There seem to have been a spate of cases in Australia in recent months surrounding discrimination on the grounds of pregnancy or child care responsibilities.  Not all have gone in the employee’s favour, but the one that truly broke the mold was the case brought by a software engineer against her former employer, IBM, in Yeoh v IBM Australia Limited [2015] FCAA 724.

The employee claimed that IBM had discriminated against her on grounds of her gender and family responsibilities by unreasonably requiring her to work double her contracted working hours and by paying her less than her husband (who also worked for IBM).  She even blamed the company for her marriage collapse.  But the claim that mostly led to her downfall was that her manager had treated her less favourably by referring to her as a ‘baby brain’.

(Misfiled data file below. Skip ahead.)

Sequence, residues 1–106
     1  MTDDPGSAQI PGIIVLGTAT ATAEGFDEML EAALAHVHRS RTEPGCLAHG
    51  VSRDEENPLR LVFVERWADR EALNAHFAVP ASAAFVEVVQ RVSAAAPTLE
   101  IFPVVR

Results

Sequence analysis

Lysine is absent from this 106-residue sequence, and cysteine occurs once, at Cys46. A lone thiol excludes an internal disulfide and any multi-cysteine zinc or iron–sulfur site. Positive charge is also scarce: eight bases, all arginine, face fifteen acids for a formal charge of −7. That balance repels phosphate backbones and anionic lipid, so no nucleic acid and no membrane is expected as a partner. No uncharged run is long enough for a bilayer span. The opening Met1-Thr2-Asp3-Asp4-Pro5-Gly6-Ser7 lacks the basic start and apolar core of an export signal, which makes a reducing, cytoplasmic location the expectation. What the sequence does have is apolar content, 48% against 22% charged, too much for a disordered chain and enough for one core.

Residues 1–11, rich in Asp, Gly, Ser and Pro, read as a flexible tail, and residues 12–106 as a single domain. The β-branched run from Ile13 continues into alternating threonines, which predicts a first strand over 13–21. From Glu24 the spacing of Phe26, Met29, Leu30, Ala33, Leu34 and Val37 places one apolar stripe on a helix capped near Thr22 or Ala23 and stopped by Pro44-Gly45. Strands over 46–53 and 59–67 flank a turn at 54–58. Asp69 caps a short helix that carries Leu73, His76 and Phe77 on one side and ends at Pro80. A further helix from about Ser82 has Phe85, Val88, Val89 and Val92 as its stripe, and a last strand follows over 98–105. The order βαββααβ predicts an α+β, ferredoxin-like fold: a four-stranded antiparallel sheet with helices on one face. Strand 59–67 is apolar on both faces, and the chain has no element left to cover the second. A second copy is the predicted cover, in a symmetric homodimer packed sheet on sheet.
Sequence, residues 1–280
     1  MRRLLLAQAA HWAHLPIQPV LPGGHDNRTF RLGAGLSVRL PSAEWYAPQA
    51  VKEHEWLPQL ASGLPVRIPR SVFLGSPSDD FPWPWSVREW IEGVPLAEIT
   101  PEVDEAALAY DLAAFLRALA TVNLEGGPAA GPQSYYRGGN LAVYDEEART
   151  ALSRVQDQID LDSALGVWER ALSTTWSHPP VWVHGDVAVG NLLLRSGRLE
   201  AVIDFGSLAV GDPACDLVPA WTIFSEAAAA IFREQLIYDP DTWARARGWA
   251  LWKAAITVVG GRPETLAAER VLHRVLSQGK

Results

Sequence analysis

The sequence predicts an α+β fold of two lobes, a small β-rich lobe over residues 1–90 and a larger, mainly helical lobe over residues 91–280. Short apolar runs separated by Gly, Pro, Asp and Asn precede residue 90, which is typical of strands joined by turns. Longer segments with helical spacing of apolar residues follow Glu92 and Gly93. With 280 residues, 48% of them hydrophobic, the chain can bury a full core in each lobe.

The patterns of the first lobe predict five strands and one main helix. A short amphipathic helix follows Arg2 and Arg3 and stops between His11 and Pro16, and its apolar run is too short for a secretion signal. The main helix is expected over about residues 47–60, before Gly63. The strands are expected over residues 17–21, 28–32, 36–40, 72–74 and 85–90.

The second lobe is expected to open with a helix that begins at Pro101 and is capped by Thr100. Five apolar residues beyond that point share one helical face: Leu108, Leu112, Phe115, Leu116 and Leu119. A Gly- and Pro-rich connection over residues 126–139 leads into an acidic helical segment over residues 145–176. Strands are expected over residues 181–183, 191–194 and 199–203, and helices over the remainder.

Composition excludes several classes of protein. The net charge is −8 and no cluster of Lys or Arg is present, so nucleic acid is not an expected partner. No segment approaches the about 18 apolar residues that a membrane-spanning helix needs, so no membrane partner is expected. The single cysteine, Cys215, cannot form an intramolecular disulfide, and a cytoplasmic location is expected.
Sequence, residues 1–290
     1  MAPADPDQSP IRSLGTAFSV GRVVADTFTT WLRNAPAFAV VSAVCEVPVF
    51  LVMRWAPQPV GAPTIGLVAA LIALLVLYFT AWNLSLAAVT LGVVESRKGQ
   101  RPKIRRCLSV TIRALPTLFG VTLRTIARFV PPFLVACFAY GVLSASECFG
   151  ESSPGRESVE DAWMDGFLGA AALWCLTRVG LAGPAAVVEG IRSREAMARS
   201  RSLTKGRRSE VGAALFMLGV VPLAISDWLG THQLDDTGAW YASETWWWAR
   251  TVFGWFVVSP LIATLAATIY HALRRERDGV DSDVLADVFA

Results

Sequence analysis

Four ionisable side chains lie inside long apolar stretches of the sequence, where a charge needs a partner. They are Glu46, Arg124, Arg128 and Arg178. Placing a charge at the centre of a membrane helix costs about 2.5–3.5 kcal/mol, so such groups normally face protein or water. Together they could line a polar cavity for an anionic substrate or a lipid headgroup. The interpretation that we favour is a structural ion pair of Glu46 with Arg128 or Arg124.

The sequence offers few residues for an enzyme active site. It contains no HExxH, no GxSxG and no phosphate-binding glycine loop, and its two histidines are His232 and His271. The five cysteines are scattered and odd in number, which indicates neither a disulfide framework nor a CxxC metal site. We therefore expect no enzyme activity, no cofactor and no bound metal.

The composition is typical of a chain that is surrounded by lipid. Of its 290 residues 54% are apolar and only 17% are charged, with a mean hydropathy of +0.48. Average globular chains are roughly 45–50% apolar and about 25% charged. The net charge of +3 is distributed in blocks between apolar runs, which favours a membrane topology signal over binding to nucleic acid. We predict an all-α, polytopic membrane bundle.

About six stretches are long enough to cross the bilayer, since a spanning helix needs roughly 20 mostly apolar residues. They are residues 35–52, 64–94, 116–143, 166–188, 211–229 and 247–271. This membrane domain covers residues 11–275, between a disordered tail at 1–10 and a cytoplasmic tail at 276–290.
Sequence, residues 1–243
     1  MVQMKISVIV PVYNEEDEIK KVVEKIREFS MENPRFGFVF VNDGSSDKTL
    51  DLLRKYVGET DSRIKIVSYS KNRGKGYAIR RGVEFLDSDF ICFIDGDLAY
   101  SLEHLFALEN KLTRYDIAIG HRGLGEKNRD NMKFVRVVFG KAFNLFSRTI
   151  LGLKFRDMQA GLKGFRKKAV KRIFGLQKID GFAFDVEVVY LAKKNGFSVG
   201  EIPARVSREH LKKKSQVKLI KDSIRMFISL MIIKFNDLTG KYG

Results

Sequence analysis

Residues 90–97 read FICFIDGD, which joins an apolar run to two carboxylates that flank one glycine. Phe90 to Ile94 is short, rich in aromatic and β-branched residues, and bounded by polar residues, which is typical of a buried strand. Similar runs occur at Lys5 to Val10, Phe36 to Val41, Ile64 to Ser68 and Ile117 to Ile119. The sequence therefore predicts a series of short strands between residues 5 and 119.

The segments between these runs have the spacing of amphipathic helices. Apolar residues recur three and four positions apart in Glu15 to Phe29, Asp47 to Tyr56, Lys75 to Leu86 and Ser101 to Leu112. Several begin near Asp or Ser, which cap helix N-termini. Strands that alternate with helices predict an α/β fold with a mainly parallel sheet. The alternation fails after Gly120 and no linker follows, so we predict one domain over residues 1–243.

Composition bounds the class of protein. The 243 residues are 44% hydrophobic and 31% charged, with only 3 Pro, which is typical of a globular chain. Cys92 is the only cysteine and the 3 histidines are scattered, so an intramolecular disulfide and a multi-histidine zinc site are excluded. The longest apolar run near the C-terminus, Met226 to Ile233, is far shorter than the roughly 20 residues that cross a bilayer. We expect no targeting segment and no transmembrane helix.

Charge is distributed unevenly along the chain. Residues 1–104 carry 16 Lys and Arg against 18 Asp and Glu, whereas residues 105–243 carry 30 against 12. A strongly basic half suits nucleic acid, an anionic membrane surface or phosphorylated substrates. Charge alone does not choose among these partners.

In most cases such a ‘term of endearment’ would ensure the success of a sexual harassment claim.  But in this case the judge rejected the employee’s claim, finding that she had embellished her evidence and exaggerated her claims in order to try and advance her case.  Judge Street said ‘to deliberately fabricate evidence to advance one’s case casts doubt on the credibility of the applicant in relation to the other areas of conflict of evidence between the applicant and the respondent’s witnesses’.  He went on to find for IBM in relation to all of the allegations. 

Ultimately the claim proved a very costly lesson for the employee with the court ordering her to pay IBM $150,000 in costs following her decision to unreasonably reject IBM’s offer for both parties to drop hands and bear their own costs.